Terrariums — especially the adorable, miniature kind — have made a comeback over the last couple years. The simplest mini version is just turning a jar or dome over a tiny potted succulent. Instant cuteness! Mosses and air plants are popular, arranged in all sorts of interesting vessels, from lightbulbs to beakers.
I tried an open succulent terrarium for a bit, before eventually moving the little stretching plants outside and into the warm sun they were so obviously craving. A recent trip to mossy, fuzzy Portland renewed my interest in tiny plant worlds — this time with a twist. What if the garden was actually a mini Stumptown? I collected a few mosses, ferns and pinecones in a tupperware container and brought them home to plant. I gave them a healthy base of pebbles, activated charcoal and potting soil and topped it all off with a carved Portland sign. A perfect souvenir!
My trip to Portland was just one stop on an epic spring break — my brother and his fiancee joined me and Greg in Los Angeles for a few days of sightseeing, followed by a drive to and tour of San Francisco. It was from there that we headed north of California and into the forests of Oregon. My terrarium has been the perfect way to remember our amazing trip, and I wanted to give the same to my brother. This is where the kit comes into play.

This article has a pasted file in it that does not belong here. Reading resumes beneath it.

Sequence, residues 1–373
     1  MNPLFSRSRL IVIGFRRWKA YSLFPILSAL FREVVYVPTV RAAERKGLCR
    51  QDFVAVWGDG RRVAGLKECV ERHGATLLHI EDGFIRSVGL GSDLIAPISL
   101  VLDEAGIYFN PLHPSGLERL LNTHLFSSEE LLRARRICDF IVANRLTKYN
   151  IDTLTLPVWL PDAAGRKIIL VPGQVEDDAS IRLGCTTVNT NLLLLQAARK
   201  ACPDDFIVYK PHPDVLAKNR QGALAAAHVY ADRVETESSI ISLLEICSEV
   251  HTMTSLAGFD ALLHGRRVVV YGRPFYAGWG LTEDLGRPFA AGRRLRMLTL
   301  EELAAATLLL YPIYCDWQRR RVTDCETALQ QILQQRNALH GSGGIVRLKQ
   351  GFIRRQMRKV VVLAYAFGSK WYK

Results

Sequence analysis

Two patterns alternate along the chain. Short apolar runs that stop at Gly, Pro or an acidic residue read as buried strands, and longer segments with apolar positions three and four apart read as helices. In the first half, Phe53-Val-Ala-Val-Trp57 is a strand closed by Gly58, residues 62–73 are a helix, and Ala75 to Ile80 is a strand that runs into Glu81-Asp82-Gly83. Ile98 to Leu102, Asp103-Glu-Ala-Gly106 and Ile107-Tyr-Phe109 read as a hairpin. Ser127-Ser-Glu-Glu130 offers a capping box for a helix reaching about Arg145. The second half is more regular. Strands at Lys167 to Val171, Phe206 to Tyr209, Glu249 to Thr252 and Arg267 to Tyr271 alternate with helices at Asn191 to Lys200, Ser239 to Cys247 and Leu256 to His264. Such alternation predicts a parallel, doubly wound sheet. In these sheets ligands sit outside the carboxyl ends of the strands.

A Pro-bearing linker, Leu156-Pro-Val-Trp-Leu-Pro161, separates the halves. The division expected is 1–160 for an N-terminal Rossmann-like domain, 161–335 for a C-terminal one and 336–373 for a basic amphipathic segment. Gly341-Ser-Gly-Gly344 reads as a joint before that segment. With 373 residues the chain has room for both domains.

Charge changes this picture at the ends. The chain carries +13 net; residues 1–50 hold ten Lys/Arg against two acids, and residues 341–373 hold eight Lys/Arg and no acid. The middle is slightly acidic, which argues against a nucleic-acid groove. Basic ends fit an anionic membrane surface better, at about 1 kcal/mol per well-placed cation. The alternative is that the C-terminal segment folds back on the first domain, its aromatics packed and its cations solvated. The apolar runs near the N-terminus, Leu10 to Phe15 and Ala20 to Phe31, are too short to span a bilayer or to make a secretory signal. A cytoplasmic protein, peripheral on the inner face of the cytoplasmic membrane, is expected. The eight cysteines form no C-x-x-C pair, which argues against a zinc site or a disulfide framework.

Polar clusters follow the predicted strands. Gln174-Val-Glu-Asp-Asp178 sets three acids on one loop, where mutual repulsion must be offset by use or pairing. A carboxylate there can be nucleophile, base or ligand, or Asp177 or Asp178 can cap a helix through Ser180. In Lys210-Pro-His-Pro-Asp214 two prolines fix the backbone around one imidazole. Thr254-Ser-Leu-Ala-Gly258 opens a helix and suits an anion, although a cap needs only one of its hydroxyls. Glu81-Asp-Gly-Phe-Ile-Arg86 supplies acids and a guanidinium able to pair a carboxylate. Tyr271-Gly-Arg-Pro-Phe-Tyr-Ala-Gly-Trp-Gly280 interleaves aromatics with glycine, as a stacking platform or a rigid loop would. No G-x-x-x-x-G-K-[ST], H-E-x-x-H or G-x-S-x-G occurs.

The gift terrarium would be Los Angeles-themed — mosses, soil and pinecones were replaced by succulents, sand and shells. I bagged and labeled the contents, with directions for proper re-assembly. The succulents were all cuttings from the plants in our yard, and since it’s usually best to wait a day or two before planting fresh cuttings (to seal the ends and prevent rot), they were fine in the mail. The terrarium would also serve as a display for the rocks and sea urchin shells that my brother collected during his time in LA. Again, the final touch was a carved sign.
Ta-da! Twin terrariums.
To make your own city sign, start with a piece of bark 1.5 to 2 inches long. Write the city name in pencil first, then carefully engrave the letters with an Xacto knife. I had to carve the word several times to make it legible. Once satisfied with the carving, use hot glue to attach a stick to the back of the bark.
Finished LA terrarium photo by Jason Kenning